Asian co-working giant set to take Sydney, Melbourne by storm
JustCo, one of Asia’s top three co-working space operators, plans to expand to Australia next year, initially targeting Sydney and Melbourne for its new operations.
JustCo’s founder and chief executive, Kong Wan Sing, told The Australian the company has secured sites in Sydney and Melbourne and plans to have four sites in each city by the end of next year.
“We are looking at Brisbane and Perth, but they are unlikely to come online before the second half of next year.”
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JustCo is backed by Singapore’s sovereign wealth fund, GIC, and leading Singapore developer Frasers Property.
Kong says JustCo leases a minimum 50,000-100,000 square feet (4650sqm-9300sqm) for each location.
“We need to have a lot of space so that we can offer flexibility — and to have a big enough clientele to create a community,” he says.
I don’t see huge competition because penetration of flexible workspace in the commercial office market is just 2-8% in this region. I foresee that share growing to 20% in the next decade
“Our business operates on two key principles — flexibility and community.”
JustCo is planning a pilot 46,450sqm co-working space in a major Asian city, which he declined to name.
“This project represents the future of work,” Kong says, adding that once it is up and running, landlords and developers will embrace the concept and the format will be replicated in other key Asian cities.
“Big corporations make up 50-60% of our clientele in Singapore and other cities. So location is very important. We are talking about CBD and premium A-grade buildings.”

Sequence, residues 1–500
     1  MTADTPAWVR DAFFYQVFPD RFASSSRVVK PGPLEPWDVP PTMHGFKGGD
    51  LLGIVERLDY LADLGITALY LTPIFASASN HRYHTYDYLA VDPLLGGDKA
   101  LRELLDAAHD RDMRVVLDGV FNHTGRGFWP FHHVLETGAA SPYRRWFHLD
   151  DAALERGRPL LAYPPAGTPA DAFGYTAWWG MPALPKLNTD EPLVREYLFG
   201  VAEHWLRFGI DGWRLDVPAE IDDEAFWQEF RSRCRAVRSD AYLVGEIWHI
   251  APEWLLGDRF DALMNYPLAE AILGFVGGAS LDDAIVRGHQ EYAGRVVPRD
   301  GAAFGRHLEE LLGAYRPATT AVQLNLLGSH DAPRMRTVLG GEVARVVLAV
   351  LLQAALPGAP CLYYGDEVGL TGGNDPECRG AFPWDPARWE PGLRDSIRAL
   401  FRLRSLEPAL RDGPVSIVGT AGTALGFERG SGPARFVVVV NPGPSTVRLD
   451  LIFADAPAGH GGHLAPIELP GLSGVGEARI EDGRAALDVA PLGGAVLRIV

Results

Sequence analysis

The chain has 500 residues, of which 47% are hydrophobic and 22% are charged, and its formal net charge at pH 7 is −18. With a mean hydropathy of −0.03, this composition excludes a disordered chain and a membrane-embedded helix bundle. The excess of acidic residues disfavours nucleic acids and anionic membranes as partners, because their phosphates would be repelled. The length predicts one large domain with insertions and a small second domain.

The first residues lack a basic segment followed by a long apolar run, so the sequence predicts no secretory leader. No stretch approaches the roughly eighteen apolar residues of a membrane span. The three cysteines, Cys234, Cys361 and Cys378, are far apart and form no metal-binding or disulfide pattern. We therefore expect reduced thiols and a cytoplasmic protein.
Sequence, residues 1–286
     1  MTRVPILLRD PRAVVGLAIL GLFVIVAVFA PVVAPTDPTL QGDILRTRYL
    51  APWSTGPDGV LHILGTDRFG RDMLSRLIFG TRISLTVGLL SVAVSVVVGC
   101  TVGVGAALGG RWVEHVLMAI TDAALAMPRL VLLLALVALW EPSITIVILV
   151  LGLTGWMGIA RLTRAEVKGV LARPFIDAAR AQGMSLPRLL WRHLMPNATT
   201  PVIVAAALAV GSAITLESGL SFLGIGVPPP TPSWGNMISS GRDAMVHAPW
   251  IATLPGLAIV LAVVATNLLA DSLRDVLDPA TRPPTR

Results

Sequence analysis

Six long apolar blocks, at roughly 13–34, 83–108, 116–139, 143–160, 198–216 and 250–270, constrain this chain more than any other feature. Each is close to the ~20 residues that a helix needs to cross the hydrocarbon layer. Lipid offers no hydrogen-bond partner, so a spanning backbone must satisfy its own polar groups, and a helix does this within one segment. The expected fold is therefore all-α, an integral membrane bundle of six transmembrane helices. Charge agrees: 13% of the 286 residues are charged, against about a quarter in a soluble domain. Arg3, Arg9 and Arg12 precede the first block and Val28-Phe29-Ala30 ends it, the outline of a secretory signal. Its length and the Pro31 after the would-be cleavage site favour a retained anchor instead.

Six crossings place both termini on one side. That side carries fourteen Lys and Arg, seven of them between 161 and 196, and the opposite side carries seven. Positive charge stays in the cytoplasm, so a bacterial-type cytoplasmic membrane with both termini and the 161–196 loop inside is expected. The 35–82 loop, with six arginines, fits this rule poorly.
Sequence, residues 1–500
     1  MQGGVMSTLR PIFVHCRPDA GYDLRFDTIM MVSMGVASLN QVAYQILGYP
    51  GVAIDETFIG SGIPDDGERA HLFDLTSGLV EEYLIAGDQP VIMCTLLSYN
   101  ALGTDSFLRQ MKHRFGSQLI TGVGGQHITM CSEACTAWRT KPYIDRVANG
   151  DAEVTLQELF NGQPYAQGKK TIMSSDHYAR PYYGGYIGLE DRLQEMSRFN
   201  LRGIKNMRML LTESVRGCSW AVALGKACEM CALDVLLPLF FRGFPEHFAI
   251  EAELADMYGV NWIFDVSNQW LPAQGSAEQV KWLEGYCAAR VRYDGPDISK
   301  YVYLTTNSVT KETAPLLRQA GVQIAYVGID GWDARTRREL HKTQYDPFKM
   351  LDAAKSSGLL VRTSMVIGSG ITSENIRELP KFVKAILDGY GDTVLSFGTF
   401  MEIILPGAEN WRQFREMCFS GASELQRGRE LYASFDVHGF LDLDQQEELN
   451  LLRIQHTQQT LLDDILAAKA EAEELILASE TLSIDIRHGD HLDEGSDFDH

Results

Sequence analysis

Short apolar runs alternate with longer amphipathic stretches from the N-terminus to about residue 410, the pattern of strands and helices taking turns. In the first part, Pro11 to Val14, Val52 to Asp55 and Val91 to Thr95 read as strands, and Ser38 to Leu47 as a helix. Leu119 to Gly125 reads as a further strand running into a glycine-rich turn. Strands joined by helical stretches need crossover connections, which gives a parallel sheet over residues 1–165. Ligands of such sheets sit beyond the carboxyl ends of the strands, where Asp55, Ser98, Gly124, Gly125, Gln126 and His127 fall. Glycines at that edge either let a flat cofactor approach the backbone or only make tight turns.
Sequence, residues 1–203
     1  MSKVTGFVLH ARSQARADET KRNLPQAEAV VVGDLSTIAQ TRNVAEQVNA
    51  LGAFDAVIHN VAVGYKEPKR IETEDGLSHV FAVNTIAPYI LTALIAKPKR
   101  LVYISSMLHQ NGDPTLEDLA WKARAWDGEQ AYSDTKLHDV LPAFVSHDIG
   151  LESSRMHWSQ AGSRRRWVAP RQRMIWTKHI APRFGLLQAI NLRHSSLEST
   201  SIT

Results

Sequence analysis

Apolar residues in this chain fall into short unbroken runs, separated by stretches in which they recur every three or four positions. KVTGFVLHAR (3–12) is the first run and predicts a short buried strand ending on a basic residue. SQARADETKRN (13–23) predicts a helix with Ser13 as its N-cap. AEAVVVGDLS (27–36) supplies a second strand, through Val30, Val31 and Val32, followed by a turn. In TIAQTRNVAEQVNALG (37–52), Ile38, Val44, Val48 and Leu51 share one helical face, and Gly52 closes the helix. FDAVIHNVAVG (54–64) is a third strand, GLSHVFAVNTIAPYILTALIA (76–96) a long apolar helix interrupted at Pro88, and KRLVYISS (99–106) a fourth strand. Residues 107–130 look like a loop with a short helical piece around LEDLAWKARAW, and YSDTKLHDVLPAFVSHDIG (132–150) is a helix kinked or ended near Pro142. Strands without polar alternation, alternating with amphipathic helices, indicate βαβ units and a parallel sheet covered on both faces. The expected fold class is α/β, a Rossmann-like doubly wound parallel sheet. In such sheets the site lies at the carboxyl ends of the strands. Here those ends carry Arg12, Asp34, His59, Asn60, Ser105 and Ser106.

While he is unable to reveal the locations in Sydney or Melbourne as yet, they are likely to be in Martin Place, Circular Quay or Barangaroo, in Sydney, and in Collins St and the Docklands in Melbourne.
Given the uncertainty of the global economy, Kong says companies want flexibility to adjust to space requirements without being tied down to long leases.
Business cycles are much shorter, he says, and companies that need space for new projects do not have the luxury of time.
“They can’t wait six or nine months to find and fit out additional office space,” Kong says. “Take my own company, as an example. We moved into our new offices this year with room for 70 people. We have already outgrown these offices. We need more space now.”
In May, JustCo formed a partnership with GIC and Frasers Property to establish a $US177 million ($245.5 million) Asia-Pacific co-working platform.
Big corporations make up 50-60% of our clientele in Singapore and other cities. So location is very important. We are talking about CBD and premium A-grade buildings
“GIC and Frasers are good shareholders,” Kong says. “They are committed to grow this platform with us and to roll out to new locations, including Australia and South Korea.
“Their investment will allow us to grow to 2 million square feet. We currently have around 75,000 square feet (mostly in Singapore). But we are not in a hurry to get to our target.
“GIC and Frasers are prudent investors. Every location goes through a stringent process before it is accepted. Every single investment is closely scrutinised for its commercial viability.”
JustCo stands apart from its competitors, many of whom are losing money to establish and grow their businesses.
“We are absolutely not losing money,” Kong says. “We are making money, as a matter of fact.”
He says JustCo operates on a 90%-plus occupancy across all its locations.
Asked if growing competition is a concern, Kong says: “I will answer the question from two angles.
“Firstly, I don’t see huge competition because penetration of flexible workspace in the commercial office market is just 2-8% in this region. I foresee that share growing to 20% in the next decade.
“Secondly, many players are small operators with limited locations. You need technology and scale to make the business a success.
“Technology drives the business. We see ourselves as an offline LinkedIn platform where professionals can connect with each other. And, without space, you can’t have the number of clients to create a community.”
Kong says the co-working environment appeals to the social media generation, and that, in a couple more years, millennials will make up 80-90% of the workforce.
This article originally appeared on www.theaustralian.com.au/property.